Charles Rolleston

Tū Rangatira – a Māori framework for educational leadership

Framed around educational leadership in Māori medium settings, Tū Rangatira offers valuable insights for all educational leaders in Aotearoa. In this workshop, participants will firstly explore the framework and principles of Tū Rangatira; then reflect on how the Māori concepts and perspectives in Tū Rangatira can enrich our actions and growth as leaders.

Link to download - Tū Rangatira: Māori Medium Educational Leadership (2010)

Charles Rolleston’s bio

Ngāi Te Rangi, Ngāti Ranginui, Ngāi Tūhoe, Ngāti Awa

Charles joined Evaluation Associates | Te Huinga Kākākura Mātauranga in January this year. Having worked across many sectors of the New Zealand education system, Charles brings a unique combination of experiences and perspectives to this conference, in particular those relating to his passion for Māori medium and kaupapa Māori education methodologies. In his calm and inclusive style of facilitation, Charles values the opportunity to engage and make meaningful connections with other committed professionals as they chart their own journeys as effective educators and leaders. To read more about Charles, follow this link.


Wayne Whitney

From tokenism to commitment.

Engaging the hearts and minds of a, rural, pākeha community.

The Te Reo Maori journey at Hikutaia School has not been without its challenges. I will share with you challenges, insights, dos, and don'ts for changing a community's thinking around Te Reo Maori. Unpack the WHY? and getting your staff on board to all walk the talk. Step away from tokenism delivery of Te Reo Maori and start to normalise how Te Reo Maori can be delivered within your school. I will share with you our Te Reo Maori curriculum and learning plan of what our teachers do in their classrooms. Ngaa mihi nui ki a koutou katoa.

Wayne Whitney’s bio

Tena koutou katoa,

Ko Wayne Whitney ahau

He Uri au no Te Arawa waka

Ko Rangiwewehi te hapu

Ko au te tumuaki o Hikutaia

I am currently the tumuaki of Hikutaia Schoool, a small rural school between Paeroa and Thames. Decile 5, 124 students. Previous to Hikutaia I worked at Thames South school and Owhata Primary in Rotorua. Most of my teaching career has been offshore in South Korea, Hong Kong, Abu Dhabi, Malaysia, and Zambia. I've worked as a native English teacher, education. advisor, and management advisor. I like to challenge students thinking with real-life learning experiences and challenging norms. Hikutaia is my first principal position, where I have been for the past 3 years, while it is very challenging being a principal, it is also very rewarding.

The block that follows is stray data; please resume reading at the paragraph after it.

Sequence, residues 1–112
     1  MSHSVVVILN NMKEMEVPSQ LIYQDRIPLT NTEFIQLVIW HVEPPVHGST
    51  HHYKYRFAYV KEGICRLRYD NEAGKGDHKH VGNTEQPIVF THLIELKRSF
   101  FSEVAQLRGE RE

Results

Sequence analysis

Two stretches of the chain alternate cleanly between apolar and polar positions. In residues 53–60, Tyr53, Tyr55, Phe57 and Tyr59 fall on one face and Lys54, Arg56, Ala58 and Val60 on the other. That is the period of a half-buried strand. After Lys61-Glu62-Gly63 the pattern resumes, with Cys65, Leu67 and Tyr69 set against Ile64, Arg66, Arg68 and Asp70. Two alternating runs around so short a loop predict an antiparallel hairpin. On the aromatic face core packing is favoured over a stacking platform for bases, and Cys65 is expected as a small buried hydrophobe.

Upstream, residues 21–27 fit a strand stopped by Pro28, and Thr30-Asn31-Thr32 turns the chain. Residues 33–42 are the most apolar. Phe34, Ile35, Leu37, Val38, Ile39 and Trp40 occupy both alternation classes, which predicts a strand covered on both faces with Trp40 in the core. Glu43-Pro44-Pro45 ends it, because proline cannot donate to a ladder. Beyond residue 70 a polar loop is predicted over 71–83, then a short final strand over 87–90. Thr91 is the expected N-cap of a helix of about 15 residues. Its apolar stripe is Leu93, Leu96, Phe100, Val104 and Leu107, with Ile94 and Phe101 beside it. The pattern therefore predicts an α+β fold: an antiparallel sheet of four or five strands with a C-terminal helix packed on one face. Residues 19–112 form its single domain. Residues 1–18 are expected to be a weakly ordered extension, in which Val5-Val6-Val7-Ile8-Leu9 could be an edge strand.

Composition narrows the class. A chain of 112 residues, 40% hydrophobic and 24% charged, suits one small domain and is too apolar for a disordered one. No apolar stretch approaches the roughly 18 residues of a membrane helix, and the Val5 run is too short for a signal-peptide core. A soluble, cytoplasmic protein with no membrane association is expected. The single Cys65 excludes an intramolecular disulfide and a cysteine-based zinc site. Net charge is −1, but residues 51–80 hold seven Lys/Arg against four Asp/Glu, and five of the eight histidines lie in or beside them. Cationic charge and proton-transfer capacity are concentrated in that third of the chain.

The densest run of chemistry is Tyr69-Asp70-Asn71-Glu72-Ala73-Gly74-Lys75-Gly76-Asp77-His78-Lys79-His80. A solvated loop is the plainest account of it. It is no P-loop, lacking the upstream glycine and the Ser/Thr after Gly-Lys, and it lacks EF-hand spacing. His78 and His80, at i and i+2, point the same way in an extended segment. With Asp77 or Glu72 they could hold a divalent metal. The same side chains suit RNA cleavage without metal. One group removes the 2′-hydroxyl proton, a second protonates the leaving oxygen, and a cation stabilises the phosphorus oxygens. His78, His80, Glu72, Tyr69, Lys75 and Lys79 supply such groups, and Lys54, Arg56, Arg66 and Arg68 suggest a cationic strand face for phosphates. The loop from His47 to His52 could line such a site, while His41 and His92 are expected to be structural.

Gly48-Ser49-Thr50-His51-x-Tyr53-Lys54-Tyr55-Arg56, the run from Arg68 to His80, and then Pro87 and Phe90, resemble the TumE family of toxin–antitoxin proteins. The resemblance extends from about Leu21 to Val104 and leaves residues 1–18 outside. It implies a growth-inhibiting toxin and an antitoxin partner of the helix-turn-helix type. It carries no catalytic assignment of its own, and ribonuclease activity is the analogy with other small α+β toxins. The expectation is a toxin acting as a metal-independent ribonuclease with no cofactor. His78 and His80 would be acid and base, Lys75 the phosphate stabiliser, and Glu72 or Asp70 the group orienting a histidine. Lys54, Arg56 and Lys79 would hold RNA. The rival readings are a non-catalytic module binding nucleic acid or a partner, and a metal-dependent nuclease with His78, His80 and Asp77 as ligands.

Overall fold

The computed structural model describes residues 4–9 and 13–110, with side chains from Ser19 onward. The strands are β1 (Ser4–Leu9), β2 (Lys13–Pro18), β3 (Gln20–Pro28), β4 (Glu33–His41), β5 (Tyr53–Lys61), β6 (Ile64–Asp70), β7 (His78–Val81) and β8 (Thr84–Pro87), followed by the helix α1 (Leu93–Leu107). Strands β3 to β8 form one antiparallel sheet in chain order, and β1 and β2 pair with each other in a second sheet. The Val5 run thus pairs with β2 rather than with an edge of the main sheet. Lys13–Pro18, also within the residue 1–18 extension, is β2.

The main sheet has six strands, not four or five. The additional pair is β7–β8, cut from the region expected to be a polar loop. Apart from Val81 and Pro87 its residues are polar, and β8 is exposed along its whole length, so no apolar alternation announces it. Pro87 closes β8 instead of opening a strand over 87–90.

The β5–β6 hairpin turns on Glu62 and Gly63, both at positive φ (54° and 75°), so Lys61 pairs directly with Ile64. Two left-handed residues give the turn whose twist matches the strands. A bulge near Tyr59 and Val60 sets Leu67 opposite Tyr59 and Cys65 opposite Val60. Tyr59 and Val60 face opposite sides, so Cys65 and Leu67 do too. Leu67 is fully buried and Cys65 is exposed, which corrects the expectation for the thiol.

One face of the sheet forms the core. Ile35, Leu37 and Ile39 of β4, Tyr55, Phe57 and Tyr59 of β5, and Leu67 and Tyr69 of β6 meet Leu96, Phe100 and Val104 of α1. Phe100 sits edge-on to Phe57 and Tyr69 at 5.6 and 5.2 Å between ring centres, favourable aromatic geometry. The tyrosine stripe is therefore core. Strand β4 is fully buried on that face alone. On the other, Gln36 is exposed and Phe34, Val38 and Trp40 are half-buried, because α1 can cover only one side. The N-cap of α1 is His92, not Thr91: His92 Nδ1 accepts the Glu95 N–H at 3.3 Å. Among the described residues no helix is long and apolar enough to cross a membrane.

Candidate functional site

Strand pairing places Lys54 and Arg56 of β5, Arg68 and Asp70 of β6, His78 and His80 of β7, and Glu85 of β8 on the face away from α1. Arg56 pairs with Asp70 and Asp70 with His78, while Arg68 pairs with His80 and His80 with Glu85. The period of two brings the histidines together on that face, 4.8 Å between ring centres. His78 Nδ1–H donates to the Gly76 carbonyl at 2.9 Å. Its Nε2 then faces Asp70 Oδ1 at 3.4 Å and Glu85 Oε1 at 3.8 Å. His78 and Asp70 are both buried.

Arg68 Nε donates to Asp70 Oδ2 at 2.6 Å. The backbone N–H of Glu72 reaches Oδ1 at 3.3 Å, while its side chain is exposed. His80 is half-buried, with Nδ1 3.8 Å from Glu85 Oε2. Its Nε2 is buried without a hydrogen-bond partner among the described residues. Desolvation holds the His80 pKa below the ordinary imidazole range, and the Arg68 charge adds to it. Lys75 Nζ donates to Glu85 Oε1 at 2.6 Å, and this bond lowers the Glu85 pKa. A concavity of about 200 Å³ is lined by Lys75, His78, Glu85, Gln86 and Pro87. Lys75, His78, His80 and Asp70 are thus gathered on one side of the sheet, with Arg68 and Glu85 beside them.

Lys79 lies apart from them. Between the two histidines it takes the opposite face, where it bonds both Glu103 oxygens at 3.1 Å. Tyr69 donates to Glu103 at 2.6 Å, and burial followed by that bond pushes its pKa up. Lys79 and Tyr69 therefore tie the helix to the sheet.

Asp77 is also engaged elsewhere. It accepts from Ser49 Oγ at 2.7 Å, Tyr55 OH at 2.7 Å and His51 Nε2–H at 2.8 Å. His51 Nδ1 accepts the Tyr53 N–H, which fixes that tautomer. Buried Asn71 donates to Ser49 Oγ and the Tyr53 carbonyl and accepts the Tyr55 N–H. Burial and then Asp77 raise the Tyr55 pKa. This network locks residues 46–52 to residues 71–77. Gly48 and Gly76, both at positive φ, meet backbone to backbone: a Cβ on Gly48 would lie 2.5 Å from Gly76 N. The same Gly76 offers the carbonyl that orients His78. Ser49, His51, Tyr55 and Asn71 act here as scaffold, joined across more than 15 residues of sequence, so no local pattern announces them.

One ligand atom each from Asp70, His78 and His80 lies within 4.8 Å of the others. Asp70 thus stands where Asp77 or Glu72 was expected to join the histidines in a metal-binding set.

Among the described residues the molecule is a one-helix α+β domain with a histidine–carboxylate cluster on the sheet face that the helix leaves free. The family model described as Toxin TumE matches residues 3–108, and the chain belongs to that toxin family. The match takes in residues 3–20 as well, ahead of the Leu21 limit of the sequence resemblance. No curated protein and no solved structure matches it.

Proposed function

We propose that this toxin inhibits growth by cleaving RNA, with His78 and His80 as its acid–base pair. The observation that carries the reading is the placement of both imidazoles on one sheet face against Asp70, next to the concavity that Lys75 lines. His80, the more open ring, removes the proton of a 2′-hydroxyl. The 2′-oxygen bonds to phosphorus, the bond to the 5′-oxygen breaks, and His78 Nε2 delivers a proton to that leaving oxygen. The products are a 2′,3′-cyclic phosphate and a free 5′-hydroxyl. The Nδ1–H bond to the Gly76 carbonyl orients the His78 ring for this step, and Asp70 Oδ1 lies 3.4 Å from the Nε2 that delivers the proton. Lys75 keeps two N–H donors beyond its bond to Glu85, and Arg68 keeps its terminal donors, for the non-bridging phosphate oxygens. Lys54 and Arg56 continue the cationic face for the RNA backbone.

Chris Theobald

Being a Treaty Partner in a multicultural school

The dominant mainstream perspective of the treaty focuses on obligations between pākehā and Māori, however Te Tiriti is actually between the Crown and Iwi Māori. This subtle but important difference is often ignored at the expense of the relationship between Māori and non-Pākehā tauiwi. Alongside this is the nuanced relationship between Māori and the majority of minority cultures within Aotearoa, a myriad of cultures that have so much difference but also share a similar experience of being treated as The Other by society at large. How do schools navigate this space to honour, respect and uplift Tangata Whenua Māori while at the same time giving value to people from all cultures that now call Aotearoa home?

Chris Theobald’s bio

Chris Theobald is the principal of Bishop Viard College in Porirua, a Catholic co-ed college in Porirua. This is the first secondary environment that Chris has worked in, coming directly from Primary teaching and principalship. Chris believes that the strength of Viard College lies within the strong multi-ethnic community, a community which draws out the best in people and is one of awhi and alofa, a community which Chris feels fortunate to be a part of.